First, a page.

Position Paper--Spring 1999

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Lisa West


Sousa, Dr. David A. (December 16, 1998). Is the Fuss About Brain

Research Justified? Available: http. //www.edweek.org/htbin/fastweb?search

A great deal of media attention has recently been centered on the effects of early learning experiences in the area of brain development. Recent advancements in neuroscience have provided more detailed information about the brain. Various scans that were in the past routinely used for medical reasons now show "maps" of the human brain at work in different areas, including second language acquisition. According to Dr. David Sousa's article "Is the Fuss About Brain Research Justified?" one of the scientific discoveries revealed that a newborn's brain makes connections at an incredible pace as the child absorbs its environment. The richer the environment, the greater the number of interconnections that are made. As a result learning takes place faster and with greater meaning. (Sousa, 1998, par. 8) This fast paced neuron growth occurs between 0 and 11 years of age. These "windows of opportunity" are periods when the brain requires certain kinds of information to create neurological pathways for certain skills, such as language acquisition, learning to play music, and emotional control. Despite all of the new research and discovery of how the brain learns, Sousa claims that many educators question its significance.

Many second language programs begin in high school and college when students are between the ages of 15 and 20. If research claims that the window of opportunity for learning a second language begins at birth and ends at age 10, this would be optimal time for children to learn a second language. Numerous studies have shown that children who learn a language before the onset of adolescence are much more likely to have native -like pronunciation.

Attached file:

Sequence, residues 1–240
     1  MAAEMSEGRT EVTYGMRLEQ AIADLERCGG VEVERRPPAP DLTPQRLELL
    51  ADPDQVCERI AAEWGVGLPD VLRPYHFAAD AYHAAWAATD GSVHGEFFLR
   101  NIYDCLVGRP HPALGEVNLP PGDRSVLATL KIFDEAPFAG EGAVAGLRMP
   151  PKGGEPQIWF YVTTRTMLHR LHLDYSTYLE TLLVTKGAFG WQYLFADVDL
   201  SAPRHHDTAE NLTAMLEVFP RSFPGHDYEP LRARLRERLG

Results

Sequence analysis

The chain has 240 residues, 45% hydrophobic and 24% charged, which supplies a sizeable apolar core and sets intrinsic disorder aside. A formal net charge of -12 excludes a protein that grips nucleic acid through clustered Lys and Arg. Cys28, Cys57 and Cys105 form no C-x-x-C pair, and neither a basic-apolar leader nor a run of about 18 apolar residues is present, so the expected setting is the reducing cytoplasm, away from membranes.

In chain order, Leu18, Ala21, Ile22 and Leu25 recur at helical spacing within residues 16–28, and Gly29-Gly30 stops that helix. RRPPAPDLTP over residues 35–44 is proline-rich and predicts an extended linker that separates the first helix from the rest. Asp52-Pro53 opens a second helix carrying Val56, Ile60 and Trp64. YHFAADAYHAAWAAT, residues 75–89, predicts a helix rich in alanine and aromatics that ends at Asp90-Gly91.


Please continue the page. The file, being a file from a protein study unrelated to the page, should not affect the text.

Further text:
One concern that some educators express is that a young child who is learning a second language may have difficulty learning native English skills. According to author and researcher F. Genesee, learning another language enhances a child's English ability. Common vocabulary also helps children learn the meaning of new words in English. Experimental studies have shown that no long-term delay in native English language development occurs in children participating in second language programs. (Genesee, 1987).

Sousa makes an implied assumption that more neurological pathways and lit-up areas in the brain are a good thing. He interprets it to mean that learning is taking place and the pathways are creating the means for more learning to occur in the future. Unfortunately, technology is limited in its ability to prove beyond a doubt what exactly is going on in these areas of the brain. I believe that this scientific information on the brain should be combined with statistics on student achievement to present a stronger case. Perhaps a long-term study on the academic achievement of students who have had a second language at an elementary level would solidify the case for implementing early language programs.

I believe Sousa would like to see school systems use the information from brain-research as a basis for subject matter and teaching methodology. However, behavioral psychology has been a strong basis for educational practices up until now, and there is argument that many of these practices are still effective. To provide the best possible education for students, teachers should continue to use practical teaching methods while investigating what brain research has to offer, and how to utilize it for the benefit of students.


Sousa, Dr. David A. (1998, December 16). Is the Fuss About Brain Research Justified? Available: http. www.edweek.org/htbin/fastweb?search

Genesee, F. (1987). Learning Through Two Languages. Cambridge, MA: Newbury House.

-- Anonymous, May 14, 1999

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